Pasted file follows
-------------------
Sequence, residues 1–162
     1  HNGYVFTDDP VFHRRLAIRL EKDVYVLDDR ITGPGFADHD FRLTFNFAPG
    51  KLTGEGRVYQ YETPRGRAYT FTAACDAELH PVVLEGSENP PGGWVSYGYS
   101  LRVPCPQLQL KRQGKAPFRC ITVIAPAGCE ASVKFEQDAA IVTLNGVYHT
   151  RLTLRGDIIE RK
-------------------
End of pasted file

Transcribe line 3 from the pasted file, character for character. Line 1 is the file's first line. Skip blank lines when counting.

    51  KLTGEGRVYQ YETPRGRAYT FTAACDAELH PVVLEGSENP PGGWVSYGYS